By Yessenia Soto, Rainforest Alliance
Nearly one-fifth of the world’s population lives in areas of physical water scarcity, while another 1.6 billion people live in countries of economic water scarcity, or those where the infrastructure is inadequate to supply the population with clean and safe water. By 2025, the United Nations estimates that two-thirds of the world’s population could experience high water-stress conditions.
One of the world’s most naturally water-rich regions, Latin America has more than 30% of the planet’s freshwater resources–but it also faces serious water challenges. Agricultural expansion, population growth, and rapid urbanization have deteriorated water sources, putting pressure on water supplies and leading to unequal access among different populations. Moreover, climate change threatens to melt glaciers in the Andes, one of the region’s main sources of freshwater.
“Water scarcity is already recognized as a real threat in Latin America,” says Fernando Veiga, general manager of the Latin American Water Funds Partnership. “This has aroused the interest of governments, businesses, organizations, and civil society in ensuring the region’s water security.”
Veiga works with The Nature Conservancy’s Water Funds initiative, an innovative, long-term watershed conservation model that uses investment funds provided and managed by local public and private actors. Water users pay into the water fund in exchange for freshwater, and the money is invested in conservation projects in critical upstream ecosystems, helping to improve living conditions for local communities while ensuring the quality and quantity of water for cities and industries downstream.
The water fund concept was born in 1997, but it wasn’t until 2000 that the first fund, Fondo para la Protección del Agua (FONAG) was created in Ecuador. Through FONAG, TNC partnered with the Empresa Pública Metropolitana de Agua Potable y Saneamiento (EPMAPS) other institutions, and local communities to conserve the watersheds that supply water to the capital city of Quito.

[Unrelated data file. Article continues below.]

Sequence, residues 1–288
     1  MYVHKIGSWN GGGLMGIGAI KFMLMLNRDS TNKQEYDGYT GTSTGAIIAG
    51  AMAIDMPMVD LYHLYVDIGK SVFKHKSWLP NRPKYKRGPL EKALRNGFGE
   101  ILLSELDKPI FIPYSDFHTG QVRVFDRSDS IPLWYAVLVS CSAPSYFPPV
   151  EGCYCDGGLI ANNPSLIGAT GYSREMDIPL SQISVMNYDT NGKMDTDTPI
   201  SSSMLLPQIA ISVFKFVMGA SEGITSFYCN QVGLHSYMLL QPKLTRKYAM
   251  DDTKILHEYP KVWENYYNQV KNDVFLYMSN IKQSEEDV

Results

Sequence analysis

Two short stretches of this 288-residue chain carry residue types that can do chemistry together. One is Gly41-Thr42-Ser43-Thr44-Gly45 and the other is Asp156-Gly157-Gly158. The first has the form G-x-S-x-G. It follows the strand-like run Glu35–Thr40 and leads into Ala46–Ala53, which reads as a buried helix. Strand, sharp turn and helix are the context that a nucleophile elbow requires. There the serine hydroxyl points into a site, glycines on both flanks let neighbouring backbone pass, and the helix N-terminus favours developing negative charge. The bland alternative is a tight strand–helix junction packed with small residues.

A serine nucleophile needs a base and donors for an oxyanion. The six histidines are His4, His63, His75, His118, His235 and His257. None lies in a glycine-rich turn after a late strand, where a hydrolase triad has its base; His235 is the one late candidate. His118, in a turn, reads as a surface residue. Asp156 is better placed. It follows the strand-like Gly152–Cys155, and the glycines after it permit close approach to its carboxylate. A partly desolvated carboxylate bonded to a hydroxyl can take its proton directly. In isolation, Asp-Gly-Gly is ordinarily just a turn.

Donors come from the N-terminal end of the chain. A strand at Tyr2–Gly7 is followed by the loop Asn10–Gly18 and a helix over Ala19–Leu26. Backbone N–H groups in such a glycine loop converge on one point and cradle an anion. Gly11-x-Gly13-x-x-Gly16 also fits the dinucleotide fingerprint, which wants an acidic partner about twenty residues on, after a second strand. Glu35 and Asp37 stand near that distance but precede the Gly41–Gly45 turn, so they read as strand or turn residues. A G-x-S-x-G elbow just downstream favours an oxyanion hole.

FONAG started with an investment of US$21,000 that came primarily from EPMAPS. The money was allocated to restoration and reforestation in the watershed, environmental education activities, communications and information management, and the regulation and monitoring of protected areas.
Over the past 14 years, FONAG has reforested 7,400 acres (3,000 hectares) around the watershed, restored 2,400 acres (1,000 hectares), and conducted control and monitoring activities in 84,000 acres (34,000 hectares). About 4,000 families receive indirect payments in the basin area, and approximately 2.38 million people in and near Quito have benefited from a safe water supply.
FONAG’s endowment has grown to about US$12 million. Although EPMAPS is still its primary source of income, it now has financing from more entities such as the Quito Electric Company, the Andean Brewery, the Tesalia Springs water bottling company, and the Consorcio de Capacitación para el Manejo de los Recursos Naturales Renovables, a nonprofit Ecuadorian consortium made up of public and private entities.